Apple Music vs Spotify vs Google Play Music

Right now, Google has two music streaming apps, YouTube Music and Google Play Music. If you’re wondering why the two apps aren’t combined into one, well, it looks like the company has the same questions as well. Today, Google confirmed that it has decided to combine its YouTube Music and Google Play Music teams into one unit. This move likely means Google will be merging both apps at some point so it can have one unified music streaming experience.

The report comes from The Verge, who received a statement from Google saying that music as a whole is “very important” to the company. It added that it is now “evaluating how to bring together [its] music offerings to deliver the best possible product for [its] users, music partners and artists.” Google didn’t announce any plans to merge the YouTube Music and Google Play Music apps, though it did say that it will reveal its plans with “plenty of notice before any changes are made.” The company previously combined the business development teams of YouTube Music and Google Play Music into one in 2016, in order to quickly make deals with music artists and record labels.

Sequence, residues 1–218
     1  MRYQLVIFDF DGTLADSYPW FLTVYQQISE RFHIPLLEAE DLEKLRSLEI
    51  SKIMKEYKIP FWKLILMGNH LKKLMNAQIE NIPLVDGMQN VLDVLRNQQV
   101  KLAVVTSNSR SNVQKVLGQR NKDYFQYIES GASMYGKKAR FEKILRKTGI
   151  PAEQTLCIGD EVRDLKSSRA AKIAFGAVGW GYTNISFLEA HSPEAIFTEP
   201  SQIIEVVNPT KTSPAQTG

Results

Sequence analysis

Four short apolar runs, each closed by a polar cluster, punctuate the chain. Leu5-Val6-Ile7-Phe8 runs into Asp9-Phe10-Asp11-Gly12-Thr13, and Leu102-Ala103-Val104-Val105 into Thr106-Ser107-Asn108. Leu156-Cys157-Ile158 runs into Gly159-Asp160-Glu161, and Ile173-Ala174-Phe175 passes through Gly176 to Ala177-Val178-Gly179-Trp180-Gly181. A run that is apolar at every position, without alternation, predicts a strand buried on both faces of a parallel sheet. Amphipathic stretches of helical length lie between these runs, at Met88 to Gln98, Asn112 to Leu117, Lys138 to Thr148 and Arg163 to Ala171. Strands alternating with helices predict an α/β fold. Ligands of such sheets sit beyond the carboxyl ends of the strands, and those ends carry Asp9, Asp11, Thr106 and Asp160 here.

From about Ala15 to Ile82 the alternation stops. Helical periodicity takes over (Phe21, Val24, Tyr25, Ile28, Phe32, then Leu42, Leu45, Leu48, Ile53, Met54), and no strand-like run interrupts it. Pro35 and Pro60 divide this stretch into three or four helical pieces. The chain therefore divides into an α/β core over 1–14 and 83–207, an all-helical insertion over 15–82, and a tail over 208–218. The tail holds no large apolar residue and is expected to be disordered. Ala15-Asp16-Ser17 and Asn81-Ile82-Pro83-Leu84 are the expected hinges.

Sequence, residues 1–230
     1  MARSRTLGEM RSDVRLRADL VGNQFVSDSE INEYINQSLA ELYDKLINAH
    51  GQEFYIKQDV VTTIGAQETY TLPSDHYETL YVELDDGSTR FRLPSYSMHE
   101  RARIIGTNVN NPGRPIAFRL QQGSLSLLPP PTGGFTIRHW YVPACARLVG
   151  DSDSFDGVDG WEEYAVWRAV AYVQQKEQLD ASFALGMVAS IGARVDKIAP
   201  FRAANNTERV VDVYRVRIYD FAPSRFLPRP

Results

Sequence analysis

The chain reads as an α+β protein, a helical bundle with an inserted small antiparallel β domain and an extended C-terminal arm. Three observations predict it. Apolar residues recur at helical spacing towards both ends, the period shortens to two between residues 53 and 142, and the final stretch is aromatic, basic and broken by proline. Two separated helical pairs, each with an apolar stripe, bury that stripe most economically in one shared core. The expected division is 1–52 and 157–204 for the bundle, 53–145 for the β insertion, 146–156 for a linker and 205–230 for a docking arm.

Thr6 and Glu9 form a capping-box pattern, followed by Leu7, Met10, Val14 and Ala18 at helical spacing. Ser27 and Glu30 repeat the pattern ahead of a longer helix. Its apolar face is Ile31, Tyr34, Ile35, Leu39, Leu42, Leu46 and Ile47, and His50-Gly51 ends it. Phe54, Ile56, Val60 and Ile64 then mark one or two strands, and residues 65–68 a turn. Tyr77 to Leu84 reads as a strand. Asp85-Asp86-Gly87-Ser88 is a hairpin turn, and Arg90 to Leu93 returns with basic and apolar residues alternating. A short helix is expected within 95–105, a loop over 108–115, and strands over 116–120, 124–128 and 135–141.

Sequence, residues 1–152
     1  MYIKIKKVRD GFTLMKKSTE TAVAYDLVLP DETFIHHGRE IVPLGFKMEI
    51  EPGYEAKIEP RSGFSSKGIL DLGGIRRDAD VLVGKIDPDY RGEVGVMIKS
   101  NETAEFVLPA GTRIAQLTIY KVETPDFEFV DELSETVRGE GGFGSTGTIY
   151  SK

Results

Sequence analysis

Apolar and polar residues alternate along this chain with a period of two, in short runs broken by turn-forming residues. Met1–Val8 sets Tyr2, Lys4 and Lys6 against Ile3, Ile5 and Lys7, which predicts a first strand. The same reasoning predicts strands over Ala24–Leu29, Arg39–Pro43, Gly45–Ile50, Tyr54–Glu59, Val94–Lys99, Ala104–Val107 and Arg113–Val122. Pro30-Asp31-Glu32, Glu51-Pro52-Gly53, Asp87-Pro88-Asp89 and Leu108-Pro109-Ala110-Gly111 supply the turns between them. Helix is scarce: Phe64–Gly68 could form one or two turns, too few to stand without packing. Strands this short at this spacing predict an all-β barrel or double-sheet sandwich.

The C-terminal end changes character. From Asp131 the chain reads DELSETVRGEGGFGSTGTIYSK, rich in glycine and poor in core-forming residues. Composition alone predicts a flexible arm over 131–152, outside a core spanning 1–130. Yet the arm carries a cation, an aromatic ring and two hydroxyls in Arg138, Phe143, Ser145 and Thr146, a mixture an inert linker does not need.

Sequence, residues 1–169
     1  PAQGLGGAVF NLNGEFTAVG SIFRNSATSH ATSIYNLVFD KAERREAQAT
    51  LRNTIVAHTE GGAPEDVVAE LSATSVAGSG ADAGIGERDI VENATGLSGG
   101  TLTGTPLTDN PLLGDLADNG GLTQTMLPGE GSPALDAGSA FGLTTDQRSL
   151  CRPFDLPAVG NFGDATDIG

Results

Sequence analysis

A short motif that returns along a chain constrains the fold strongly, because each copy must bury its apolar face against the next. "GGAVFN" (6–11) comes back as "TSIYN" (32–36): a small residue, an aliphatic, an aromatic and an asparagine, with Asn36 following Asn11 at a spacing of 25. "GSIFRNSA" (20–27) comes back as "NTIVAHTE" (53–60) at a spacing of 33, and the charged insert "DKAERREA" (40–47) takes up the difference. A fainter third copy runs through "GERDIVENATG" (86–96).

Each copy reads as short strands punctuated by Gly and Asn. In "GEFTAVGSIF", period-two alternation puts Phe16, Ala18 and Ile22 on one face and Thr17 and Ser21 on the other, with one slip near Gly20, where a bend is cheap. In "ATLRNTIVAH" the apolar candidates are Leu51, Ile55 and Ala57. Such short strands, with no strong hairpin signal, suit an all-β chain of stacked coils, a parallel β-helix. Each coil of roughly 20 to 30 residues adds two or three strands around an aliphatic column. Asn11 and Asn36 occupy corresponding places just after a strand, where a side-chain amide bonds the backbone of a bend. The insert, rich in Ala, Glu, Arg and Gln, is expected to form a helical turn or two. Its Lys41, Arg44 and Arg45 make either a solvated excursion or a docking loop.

It would seem the writing is on the wall in this particular case. Google Play Music is certainly the more popular service out of the two, so we wouldn’t be surprised if YouTube Music was folded into Play Music. After all, the YouTube brand is better known for its video offerings anyway. In fact, signing up for a Google Play Music subscription already gives you full access to YouTube Music and YouTube Red, which ditches all those pesky video ads on the service.

And while we don’t have any details on the future of Play Music/YouTube Music at the moment, this move does make quite a bit of sense. In a world where Apple Music and Spotify exist, Google needs to have one unified streaming service that can take on the other heavy hitters in the space.

Speaking of YouTube, earlier this week it announced that it had opened up live mobile video streaming on the service, but only if your channel has more than 10,000 subscribers. Since both Facebook and Twitter offer the same thing with no such restrictions, we wonder what’s keeping Google from offering this to everyone.